All events will be held on the UCR campus and are free and open to the public.
Registration is requested as seating is limited. For program information and registration go to

Rivera was the first Hispanic and first minority chancellor in the UC system. He died in 1984 after a heart attack.

Friends recall him as a gentle man of great warmth, a giant in Chicano literature who overcame tremendous obstacles to excel as an author, professor and university administrator.

Rivera was an award-winning writer of poems, short stories and literary essays who was the first winner of the Quinto Sol Award in 1971 for “… y no se lo tragó la tierra” (“… and the Earth Did Not Swallow Him”). Quinto Sol was a publishing company that focused on Chicano literature.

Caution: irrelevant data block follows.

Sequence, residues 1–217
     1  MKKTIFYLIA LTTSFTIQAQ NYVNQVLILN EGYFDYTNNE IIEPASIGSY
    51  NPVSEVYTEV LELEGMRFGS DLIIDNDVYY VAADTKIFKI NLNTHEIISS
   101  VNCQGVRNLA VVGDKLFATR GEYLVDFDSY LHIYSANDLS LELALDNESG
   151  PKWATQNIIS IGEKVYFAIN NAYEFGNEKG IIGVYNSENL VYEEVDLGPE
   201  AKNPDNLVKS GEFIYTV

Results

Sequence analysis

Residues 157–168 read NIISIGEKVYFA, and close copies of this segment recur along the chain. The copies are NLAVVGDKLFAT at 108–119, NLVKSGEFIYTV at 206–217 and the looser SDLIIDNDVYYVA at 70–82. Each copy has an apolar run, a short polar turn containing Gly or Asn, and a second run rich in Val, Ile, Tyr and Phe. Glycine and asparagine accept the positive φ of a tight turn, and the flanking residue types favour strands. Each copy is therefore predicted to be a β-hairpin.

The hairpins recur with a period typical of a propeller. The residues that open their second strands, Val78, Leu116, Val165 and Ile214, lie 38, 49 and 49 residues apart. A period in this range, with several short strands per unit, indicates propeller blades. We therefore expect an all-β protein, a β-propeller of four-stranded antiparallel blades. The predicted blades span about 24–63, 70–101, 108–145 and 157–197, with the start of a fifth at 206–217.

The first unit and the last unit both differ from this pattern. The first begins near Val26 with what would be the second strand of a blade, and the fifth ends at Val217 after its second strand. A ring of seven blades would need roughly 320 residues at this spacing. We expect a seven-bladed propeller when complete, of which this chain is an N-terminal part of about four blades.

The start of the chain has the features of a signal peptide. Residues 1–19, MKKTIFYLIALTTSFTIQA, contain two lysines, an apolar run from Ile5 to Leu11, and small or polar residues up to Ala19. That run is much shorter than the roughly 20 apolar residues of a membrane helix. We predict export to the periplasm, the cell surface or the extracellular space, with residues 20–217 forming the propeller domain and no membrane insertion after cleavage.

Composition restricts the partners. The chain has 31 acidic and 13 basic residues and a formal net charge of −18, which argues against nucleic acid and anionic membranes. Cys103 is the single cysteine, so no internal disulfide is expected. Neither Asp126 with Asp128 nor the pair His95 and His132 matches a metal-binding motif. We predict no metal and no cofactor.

He populated his work with characters drawn from the migrant workers and Hispanics he grew up with and worked alongside.

“Tomás was the storyteller of the people,” said Eliud Martinez, UCR professor emeritus of creative writing who achieved tenure the year Rivera was named chancellor. “He linked Chicano literature with Mexican popular culture, and combined sophisticated literary techniques of the modern novel with traditional forms from popular Mexican culture and language.”